Can a tax relief attorney represent me in court if necessary?

A tax lawyer helps you resolve tax issues with the IRS and several state tax agencies. They use their knowledge of the tax and legal code to ensure that you get the best possible results and that you don't face an unfairly high tax liability. They can also represent you in court. Representation by a tax lawyer rather than an accountant offers significant advantages, including attorney-client privilege.

Statements you make to your tax lawyer generally cannot be disclosed to the IRS or to anyone else. While there is limited privilege as a client of a federal accountant, it doesn't apply if the IRS decides to initiate a criminal tax lawsuit against you. IRS criminal tax investigators are trained to contact a taxpayer's accountant if they suspect tax fraud. It's not unusual for a customer's accountant to be forced to testify as a witness against their own client.

Nor does the federal accountant's client privilege apply, even in non-criminal cases, to state tax audits or to an investigation conducted by another federal agency, such as the SEC or the INS. In a recent year, more than 30,000 taxpayers filed petitions in tax courts after losing their audits and appeals. There are three other federal courts where you can challenge your tax liability, but only in a tax court can you challenge without paying first. Going to the Tax Court is a long and complicated process.

You could represent yourself, but we think that would be a big mistake on your part. It is essential that you hire an experienced tax lawyer to represent you and guide you through the litigation process. Tax lawyers at law firms tend to advise clients on what to do to obtain favorable tax treatment in a variety of situations. They can draft contracts or other legal documents needed to make this happen, and they can represent clients in tax courts or elsewhere.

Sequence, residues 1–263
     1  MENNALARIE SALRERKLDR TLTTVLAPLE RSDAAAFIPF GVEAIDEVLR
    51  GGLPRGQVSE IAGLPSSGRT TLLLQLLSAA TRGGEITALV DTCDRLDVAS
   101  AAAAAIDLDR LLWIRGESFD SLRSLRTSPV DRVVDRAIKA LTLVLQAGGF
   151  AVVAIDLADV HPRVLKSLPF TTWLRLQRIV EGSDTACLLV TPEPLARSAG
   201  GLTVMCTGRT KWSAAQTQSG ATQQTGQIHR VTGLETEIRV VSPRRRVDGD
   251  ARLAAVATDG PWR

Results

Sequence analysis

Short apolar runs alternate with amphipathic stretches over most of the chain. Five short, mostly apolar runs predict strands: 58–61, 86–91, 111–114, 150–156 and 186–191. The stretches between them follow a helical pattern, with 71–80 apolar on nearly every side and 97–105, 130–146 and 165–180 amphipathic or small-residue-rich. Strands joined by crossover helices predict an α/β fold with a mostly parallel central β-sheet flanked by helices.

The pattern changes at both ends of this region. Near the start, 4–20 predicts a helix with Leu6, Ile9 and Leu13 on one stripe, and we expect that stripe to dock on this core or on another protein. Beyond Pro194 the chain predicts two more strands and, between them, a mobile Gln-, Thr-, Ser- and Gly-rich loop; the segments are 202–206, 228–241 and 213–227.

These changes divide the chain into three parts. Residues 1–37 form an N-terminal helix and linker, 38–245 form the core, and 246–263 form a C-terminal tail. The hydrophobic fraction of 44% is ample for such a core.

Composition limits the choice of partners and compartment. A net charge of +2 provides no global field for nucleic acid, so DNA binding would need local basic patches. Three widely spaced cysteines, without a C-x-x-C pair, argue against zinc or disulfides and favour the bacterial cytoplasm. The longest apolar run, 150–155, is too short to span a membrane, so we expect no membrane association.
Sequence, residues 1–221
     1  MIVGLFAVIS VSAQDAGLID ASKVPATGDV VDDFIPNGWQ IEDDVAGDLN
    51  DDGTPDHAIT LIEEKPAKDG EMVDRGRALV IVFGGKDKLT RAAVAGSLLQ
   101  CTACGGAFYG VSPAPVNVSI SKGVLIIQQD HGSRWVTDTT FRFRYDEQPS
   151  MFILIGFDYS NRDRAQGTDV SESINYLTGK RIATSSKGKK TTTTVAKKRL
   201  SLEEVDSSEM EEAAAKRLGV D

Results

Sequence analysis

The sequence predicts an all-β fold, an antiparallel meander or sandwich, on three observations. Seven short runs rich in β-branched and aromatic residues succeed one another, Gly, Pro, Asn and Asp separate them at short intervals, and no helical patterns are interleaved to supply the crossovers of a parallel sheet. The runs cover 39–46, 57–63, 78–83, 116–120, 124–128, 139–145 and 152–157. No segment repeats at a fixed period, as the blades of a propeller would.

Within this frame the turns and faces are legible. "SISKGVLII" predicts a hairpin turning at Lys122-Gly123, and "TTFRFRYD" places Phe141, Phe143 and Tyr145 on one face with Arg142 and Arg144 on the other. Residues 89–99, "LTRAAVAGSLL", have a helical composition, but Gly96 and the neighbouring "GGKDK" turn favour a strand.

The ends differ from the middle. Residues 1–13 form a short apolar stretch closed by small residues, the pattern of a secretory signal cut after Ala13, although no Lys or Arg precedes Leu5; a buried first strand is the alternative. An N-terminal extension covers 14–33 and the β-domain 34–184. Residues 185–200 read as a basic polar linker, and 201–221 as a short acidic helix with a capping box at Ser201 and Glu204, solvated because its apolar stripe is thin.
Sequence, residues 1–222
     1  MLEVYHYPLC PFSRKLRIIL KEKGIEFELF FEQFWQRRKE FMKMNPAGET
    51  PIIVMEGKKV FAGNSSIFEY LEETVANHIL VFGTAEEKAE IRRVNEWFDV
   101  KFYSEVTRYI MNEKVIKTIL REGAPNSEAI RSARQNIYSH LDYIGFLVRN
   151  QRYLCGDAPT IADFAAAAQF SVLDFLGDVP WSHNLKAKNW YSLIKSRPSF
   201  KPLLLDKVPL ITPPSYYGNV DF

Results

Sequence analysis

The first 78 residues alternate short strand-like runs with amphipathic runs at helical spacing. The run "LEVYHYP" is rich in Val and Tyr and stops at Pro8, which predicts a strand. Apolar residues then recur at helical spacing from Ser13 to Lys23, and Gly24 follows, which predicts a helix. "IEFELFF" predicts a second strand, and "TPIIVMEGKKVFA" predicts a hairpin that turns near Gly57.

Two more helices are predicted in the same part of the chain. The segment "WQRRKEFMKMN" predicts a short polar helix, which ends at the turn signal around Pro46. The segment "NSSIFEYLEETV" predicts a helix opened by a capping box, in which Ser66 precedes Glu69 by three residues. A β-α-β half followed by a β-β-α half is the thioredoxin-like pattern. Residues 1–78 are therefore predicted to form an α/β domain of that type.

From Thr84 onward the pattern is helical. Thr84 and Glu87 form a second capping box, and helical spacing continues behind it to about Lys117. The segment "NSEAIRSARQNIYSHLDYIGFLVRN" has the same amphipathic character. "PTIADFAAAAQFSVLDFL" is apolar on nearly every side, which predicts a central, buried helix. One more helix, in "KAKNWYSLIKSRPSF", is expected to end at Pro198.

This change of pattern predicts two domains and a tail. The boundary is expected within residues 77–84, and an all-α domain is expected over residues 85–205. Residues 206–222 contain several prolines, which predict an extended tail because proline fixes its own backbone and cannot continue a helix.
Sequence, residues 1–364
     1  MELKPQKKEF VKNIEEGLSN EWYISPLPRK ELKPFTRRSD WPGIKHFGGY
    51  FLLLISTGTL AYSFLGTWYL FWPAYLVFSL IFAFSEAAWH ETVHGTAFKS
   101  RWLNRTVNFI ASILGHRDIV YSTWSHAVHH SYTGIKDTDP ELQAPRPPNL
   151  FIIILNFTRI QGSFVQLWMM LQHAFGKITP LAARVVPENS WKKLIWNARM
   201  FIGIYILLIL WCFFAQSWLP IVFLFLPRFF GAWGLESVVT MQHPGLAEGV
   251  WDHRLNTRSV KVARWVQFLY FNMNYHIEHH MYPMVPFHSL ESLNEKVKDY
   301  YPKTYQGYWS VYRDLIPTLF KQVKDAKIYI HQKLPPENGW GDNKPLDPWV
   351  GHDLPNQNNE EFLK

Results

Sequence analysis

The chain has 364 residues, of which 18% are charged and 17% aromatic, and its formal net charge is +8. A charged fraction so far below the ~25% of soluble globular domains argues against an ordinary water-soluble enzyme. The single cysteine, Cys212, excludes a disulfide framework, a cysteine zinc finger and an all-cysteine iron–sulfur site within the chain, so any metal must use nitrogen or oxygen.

You may be able to get free or low-cost help from a tax lawyer if you visit a low-income tax clinic, known as LITC, in your area. If you want to take your case to the next level, it's time to meet with a specialized tax lawyer at Bryson Law Firm, L. Courts, including the Tax Court, the Federal Claims Court, district courts, bankruptcy courts, 13 different federal appellate courts, and the United States Supreme Court, write rulings interpreting tax law. You can check if a tax lawyer is licensed to practice law in your state by searching the website of your state's bar association.

The tax professional may work in the background or may accompany you to meetings with an appeals officer or an IRS lawyer. Once Congress drafts the law, IRS tax lawyers will issue their interpretations of the law, including Treasury regulations (both final and proposed), tax rulings, private letter resolutions, private letter resolutions, general counsel memos, technical memorandums, technical advice memorandums, and actions on decisions. Once you file a petition with the tax court, the IRS will know that you are serious and will often settle with less than the claimed tax owed. Tax lawyers help people organize their finances to optimize their tax situations, comply with tax regulations, and resolve disputes with the IRS or other tax authorities.

Taking your case to the Tax Court is the last resort you can resort to if you are not satisfied with the IRS ruling on your tax debt. Only 5% of all tax disputes in normal cases go to a district court or the claims court rather than a tax court. A tax lawyer can help design fiscally intelligent strategies for starting, buying, selling, or expanding a business. If you don't agree with the IRS ruling on your tax bill, it may be time to take your case to the Tax Court.